The Poet of the Return to Zion

When Bob Dylan won the Nobel Prize for literature in 2016 for his mastery of “poetic lyrics,” it highlighted the deeply intertwined relationship between song and poetry. Is Az Yashir a song or a poem? The answer, of course, is that it is both. Poetry differs from prose in the musicality of its rhythm and language; throughout the ages, poetry was read, remembered and passed on through song. Indeed, the most powerful songs are poetic verses that are brought to life through music.

For the passionate Religious Zionist, the poetry of Yosef Zvi Rimon (18891958) is music to the ears. Considered by Rav Kook to be “the poet of the return to Zion,” Rimon studied in Lida at the yeshiva of Rabbi Yitzchak Yaakov Reines, founder of Mizrachi, before moving to Palestine in 1909. Rimon’s poetry expresses his love and longing for the Land of Israel, capturing its holiness and beauty through deeply religious language at a time when the emerging culture in the New Yishuv was avowedly secular. He was awarded the President’s Prize from President Yitzchak Ben Zvi in 1958, and his writings continue to inspire and uplift us to this day.

Rabbi Yosef Zvi Rimon, head of Mizrachi’s Educational Advisory Board and Rabbinic Council, believes his grandfather set a powerful example that we would be wise to follow today, in our own generation:

“One of the unique things about my grandfather was that he was incredibly connected to G-d, while remaining incredibly open minded in a way that allowed him to connect with a diverse range of people. My father remembers that he grew up spending lots of time with the leading secular poet Yosef Chaim Brenner, who loved my grandfather and publicized some of his writings. Other singers, some of the greatest of that time period, who from a religious and philosophical perspective were very different from my grandfather, were nonetheless close with him, and would love to read his writings. It is incredible to see where my grandfather’s writing was published: in publications of Rabbi Tzvi Yehudah Kook and HaTzofeh (the Mizrachi newspaper), but also in secular publications like HaMishmar and Hapoel HaTzair. I miss that in our world today, and I sometimes ask myself: is it possible in our time for people with different views to be connected to one another, bound together by their Jewish heritage?”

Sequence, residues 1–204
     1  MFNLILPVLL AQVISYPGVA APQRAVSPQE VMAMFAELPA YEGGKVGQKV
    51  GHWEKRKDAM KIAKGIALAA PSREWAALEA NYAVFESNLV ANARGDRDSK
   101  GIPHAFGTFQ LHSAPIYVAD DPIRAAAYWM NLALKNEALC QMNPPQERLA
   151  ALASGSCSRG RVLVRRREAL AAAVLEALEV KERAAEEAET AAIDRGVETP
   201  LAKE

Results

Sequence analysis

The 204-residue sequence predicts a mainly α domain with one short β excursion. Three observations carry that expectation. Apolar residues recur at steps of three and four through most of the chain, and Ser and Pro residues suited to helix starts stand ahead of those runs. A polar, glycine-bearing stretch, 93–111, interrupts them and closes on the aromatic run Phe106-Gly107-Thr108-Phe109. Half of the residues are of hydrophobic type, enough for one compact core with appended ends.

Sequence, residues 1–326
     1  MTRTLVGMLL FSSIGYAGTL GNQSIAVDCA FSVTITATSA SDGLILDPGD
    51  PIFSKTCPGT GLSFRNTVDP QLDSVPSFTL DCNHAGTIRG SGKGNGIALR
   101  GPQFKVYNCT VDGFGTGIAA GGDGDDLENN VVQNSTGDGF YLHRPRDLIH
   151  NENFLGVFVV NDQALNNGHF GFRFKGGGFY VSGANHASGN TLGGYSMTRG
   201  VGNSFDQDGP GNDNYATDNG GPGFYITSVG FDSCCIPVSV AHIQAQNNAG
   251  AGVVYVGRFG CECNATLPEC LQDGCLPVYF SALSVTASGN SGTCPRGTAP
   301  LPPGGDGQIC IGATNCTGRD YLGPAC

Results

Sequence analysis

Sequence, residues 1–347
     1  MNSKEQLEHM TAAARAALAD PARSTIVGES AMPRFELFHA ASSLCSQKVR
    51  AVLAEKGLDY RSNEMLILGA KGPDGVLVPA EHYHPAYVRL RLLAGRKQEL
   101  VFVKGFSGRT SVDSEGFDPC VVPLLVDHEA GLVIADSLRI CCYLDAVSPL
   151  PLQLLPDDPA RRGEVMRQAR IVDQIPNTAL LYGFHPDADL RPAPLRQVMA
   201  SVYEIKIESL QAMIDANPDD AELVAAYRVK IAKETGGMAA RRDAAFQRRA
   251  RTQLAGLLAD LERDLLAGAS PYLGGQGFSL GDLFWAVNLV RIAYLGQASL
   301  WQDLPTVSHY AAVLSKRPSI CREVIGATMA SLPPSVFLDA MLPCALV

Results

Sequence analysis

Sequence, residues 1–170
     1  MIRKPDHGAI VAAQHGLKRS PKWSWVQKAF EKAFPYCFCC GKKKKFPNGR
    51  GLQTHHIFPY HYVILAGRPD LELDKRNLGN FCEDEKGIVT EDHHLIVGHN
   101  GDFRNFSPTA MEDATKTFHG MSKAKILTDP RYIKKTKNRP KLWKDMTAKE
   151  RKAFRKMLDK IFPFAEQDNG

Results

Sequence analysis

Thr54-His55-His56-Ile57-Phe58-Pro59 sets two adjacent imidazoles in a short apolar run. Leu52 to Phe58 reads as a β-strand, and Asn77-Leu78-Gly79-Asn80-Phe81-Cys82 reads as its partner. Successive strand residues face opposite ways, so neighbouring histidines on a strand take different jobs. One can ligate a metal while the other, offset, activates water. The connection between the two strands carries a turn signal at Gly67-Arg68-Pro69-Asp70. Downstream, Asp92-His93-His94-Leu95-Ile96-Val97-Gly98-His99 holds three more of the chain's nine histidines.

December 29, 1931

…It may be that it is specifically from the great suffering in his life that our beloved poet’s soul has been elevated and sanctified, rendering him particularly capable of blazing a holy path to the renaissance of the poetry of Israel. This poetry, silenced for hundreds of years, has again found the voice to speak of exalted things. Though external circumstances have found this new voice focusing in the majority on secular topics, yet, being the poetry of Israel, it cannot help but draw from its holy source. 

Now behold, our beloved poet Rabbi Yosef Zvi Rimon buds like a myrtle in the desert, irrigated from the holy life deep in his inner spirit, a holiness guarded by a life of purity and a special sensitivity of spirit. We hope that days will come in which he will be not just one of the poets of Israel, but a model, in his own unique way, an example for all future poets of Judah, who will sing with a full voice for the name of G-d, the Rock of Israel…

With the blessing of his friend who strengthens his hands with love, 

Avraham Yitzchak Hakohen Kook


I Came to the Sharon בָּאתִי אֶל הַשָּׁרוֹן

אָהַבְתִּי סַלְעֵי אַרְצִי
עַל הֲרָרֶיהָ.
כָּל אֶבֶן אוֹמְרָה שִׁיר.
אֲנִי עוֹלֶה מֵאַחַת אֶל אֶחָת,
וְקִרְבִּי תִּתְעוֹרֵר רִנָּה:
אֵלֶּה חָיוּ כְּמוֹתִי,
חָלְמוּ הַרְבֵּה, הִתְגַּעְגָּעוּ, —
חֲלוֹמָם רָחַק מִבּוֹא —
וַיִּהְיוּ לַאֲבָנִים…
עַל קִבְרוֹת הַקְּדוֹשִׁים
אֶאֱהָבֵם כִּשְׂדוֹת הַפְּרָחִים
בָּם הֵם טְמוּנִים.
וַאֲנִי מִתְפַּלֵּל לָאֱמוּנָה,
לִבִּי לִשְׁתֵּיהֶן

I loved the rocks of my land
On its mountains.
Each stone sings a song.
I go up from one to another,
And inside I stir with glad song:
They lived like me,
They dreamed much, they yearned —
Their dream was long in coming —
And they became stones…
On the graves of the holy ones
I will pray.
I will love them like the fields of flowers
In which they are hidden…
And I pray for faith,
For love.
My heart relates to them
As one…

From The Poetry of Rav Yosef Tzvi Rimon: A Myrtle in the Desert (Gefen Publishing House, Ltd., 2016)

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